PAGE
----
And Chicken Little implores orthodox Episcopalians to scratch and cluck a bit before it is too late, especially orthodox Lesbian and Gay Episcopalians. Don’t sell your soul for a bowl of same-sex marriage rite inclusion pottage in the prayerbook. Are universalism and a new deity really what you signed up for? Many of you have told me that you joined this church because it was an orthodox expression of the Great Tradition. Will that still be true when the clock strikes?

Gimme-gimme Golfball

Snark MeterMID.002

Everything I Need to Know I Learned in Central Phoenix

The Central Phoenix neighborhood I grew up in had its fair share of characters. It would not be inaccurate to say that we were a virtual pantheon of the idiosyncratic. One of our eccentrics was an elderly gentleman we knew as “Gimme-gimme golfball.”  (I use “gentleman”  loosely as he may have been Phoenix’s most ill-tempered resident.)

Yesterday a few elementary school friends and I were catching up in the pizza joint of our childhood. Over thick slabs of Sicilian style, one friend, as old friends do, looked over and made the insider reference: “Gimme-gimme golfball.” At the mention of his name all four of us, middle-aged men decades removed from the old man’s maltreatment, groaned in unison. Anyone who grew up near Chris Town Golf Course can regale you with stories of the places on their anatomy that Gimme-gimme marked with his golf club, an ancient 2 iron. None of us seems to have escaped his withering stare, his snarling curses, or the wack of that 2 iron. At least not in our memories.

Gimme-gimme’s 2 iron might have been the inspiration for the multi-purpose tool. The well-worn club was used mostly as a cane. But it doubled as a retriever of errant golf balls, and, far too often for our tastes, was pressed into service as a device for the bludgeoning of the local preteen male population. Gimme-gimme used that old club for many things…unfortunately, none of them was golf.

2 iron

How is it, you ask, that an elderly man was attacking boys with a 2 iron in a perfectly nice middle-class neighborhood? We boys had ended up on the losing end of a vicious territorial rivalry over our community golf course and the fruit it produced, errant golf balls. The neighborhood nine-hole had been fashioned on the cheap from an old sheep farm. It was acres of open space with trees dividing the fairways, a small lake, a driving range, maintenance sheds beside the abandoned farmhouse, and a grain silo that begged to be climbed. It was next to the source of our most enduring form of entertainment, a large family owned citrus orchard separated from the eastern edge of the course by a long line of ancient and gnarled salt cedar trees. Can you imagine such a place not becoming the stomping-ground of boys for blocks around? Unfortunately, Gimme-gimme thought so too. We were there for mischief. He was there for money.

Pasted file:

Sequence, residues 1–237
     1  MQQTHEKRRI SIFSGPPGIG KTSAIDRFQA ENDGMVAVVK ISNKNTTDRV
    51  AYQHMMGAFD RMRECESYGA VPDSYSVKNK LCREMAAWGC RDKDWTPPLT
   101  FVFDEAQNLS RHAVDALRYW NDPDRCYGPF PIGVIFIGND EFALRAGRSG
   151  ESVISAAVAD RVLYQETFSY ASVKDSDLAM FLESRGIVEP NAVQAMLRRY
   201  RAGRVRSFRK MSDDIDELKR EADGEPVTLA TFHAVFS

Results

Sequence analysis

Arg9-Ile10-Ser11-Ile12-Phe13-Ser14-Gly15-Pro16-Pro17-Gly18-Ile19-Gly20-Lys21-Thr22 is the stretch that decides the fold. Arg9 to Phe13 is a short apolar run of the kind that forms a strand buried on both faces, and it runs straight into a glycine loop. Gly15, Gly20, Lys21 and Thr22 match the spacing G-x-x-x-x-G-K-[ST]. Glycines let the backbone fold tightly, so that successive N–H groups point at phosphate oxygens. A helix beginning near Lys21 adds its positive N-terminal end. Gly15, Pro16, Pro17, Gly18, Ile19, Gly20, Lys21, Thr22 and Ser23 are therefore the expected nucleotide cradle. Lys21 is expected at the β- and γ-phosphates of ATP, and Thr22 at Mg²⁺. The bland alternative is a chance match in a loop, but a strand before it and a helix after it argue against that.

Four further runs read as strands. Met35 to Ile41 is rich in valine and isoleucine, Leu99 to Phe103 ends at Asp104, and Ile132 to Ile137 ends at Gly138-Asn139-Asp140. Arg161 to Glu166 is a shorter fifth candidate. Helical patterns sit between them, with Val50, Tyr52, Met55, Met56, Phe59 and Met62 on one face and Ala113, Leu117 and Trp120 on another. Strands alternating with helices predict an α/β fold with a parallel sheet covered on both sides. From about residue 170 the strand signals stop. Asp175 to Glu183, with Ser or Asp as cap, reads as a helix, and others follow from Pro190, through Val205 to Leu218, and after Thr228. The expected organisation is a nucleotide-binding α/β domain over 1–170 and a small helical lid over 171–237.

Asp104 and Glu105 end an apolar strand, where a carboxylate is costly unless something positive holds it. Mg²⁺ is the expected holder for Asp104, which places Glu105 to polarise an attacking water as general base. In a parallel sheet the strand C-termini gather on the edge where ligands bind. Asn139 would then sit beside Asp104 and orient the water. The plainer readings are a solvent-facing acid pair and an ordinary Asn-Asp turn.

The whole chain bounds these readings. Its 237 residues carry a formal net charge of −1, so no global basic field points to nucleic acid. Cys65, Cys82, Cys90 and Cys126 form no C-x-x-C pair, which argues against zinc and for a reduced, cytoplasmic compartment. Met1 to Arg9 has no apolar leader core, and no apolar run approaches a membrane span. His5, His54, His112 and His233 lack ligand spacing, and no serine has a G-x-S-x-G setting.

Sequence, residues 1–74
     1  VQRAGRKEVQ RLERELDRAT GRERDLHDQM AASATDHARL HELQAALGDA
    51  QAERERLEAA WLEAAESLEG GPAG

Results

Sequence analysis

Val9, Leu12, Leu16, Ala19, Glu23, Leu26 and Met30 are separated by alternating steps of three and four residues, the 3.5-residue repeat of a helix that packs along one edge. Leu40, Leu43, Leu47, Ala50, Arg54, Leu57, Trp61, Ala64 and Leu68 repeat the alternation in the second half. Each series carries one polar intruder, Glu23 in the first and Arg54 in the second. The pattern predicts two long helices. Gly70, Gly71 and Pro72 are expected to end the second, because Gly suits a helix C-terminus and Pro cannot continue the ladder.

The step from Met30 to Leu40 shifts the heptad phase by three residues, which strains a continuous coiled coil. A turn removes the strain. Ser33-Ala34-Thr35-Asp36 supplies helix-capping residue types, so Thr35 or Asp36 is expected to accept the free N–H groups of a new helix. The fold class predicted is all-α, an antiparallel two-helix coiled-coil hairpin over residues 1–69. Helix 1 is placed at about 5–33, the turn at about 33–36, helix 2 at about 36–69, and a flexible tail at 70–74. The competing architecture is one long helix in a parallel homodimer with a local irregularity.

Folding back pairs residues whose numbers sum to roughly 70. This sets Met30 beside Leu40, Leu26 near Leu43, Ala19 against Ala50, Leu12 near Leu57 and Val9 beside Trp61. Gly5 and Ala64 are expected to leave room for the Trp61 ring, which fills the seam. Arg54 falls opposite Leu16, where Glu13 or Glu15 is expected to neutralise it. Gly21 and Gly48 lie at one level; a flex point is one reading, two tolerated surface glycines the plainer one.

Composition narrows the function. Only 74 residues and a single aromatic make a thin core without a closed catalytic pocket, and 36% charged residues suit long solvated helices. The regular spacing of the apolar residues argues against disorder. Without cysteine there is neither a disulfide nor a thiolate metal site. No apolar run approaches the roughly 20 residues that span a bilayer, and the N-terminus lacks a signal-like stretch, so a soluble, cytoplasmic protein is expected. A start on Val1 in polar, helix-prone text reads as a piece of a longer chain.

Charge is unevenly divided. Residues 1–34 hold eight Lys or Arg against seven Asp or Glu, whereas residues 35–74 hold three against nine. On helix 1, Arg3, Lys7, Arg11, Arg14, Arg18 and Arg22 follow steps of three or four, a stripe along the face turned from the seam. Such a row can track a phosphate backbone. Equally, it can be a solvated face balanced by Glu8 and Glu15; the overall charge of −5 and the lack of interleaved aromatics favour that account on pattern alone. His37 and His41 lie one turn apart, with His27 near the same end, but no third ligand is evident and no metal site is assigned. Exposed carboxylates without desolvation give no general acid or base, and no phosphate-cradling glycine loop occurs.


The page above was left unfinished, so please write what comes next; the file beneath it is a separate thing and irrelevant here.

Chris Town Golf Course

Chris Town Golf Course

One morning in the summer after the fourth grade, I was perched in a salt cedar watching golfers and pretending to be a WWII radio operator defending a Pacific island from bagcart towing invaders. I heard a golf ball bounce off of a cedar trunk and lodge in the rusting iron mesh of the farm fence the cedars had spent five decades attempting to engulf. I scampered down from my hiding place. Reaching into the cedar needles just inside the fence for my newfound treasure, my fingers wrapped around a coveted Titleist ball when, WACK, a blazing pain erupted in my temple. I rolled on the ground, grabbing my head in agony. Through tears I saw the old man’s grizzled arm reach through the fence. “Gimme that ball, kid.” He said, as he pocketed the ball and ambled off, not bothering to look back and see if he had inflicted lasting damage on my now dented noggin.

One day I complained about the old man to a friend when we were in the clubhouse buying candy from the 10 cent vending machine. The golf course manager, within earshot behind a rack of collared shirts for players who showed up in inappropriate attire, barked, “That old man provides a service to the golfers…you should probably stay out of his way.”

Gimme would clean the balls he found in a washtub in the back of his old camper truck, carefully repaint them, and sell them for a dollar through the golf course’s north fence while seated on a 3-legged canvas camp stool on Maryland Avenue. Maybe he was bored. Maybe he was bolstering his retirement income. Maybe both.

Of course we didn’t tell our parents that the old man was marking us up with a 2 iron whenever we got too near his income source. We also didn’t tell them we swam in the lake after hours, or snuck over to the clubhouse and sampled bottles of warm soda from the cases stacked in the shed, or tried to get the night crew to chase us in their gas powered Cushman carts either. Kids didn’t give away their secrets in those days. And parents, well, they didn’t really want to know. But I did ask my dad about the old golf ball salesman once. His reaction was telling. “The old grouch works hard enough. He would make a decent living if he wasn’t such a joyless, angry old cuss. We would rather hike all the way back to the clubhouse and pay retail.” Which explained another mystery: Why the golf course manager was so fond of Gimme-gimme.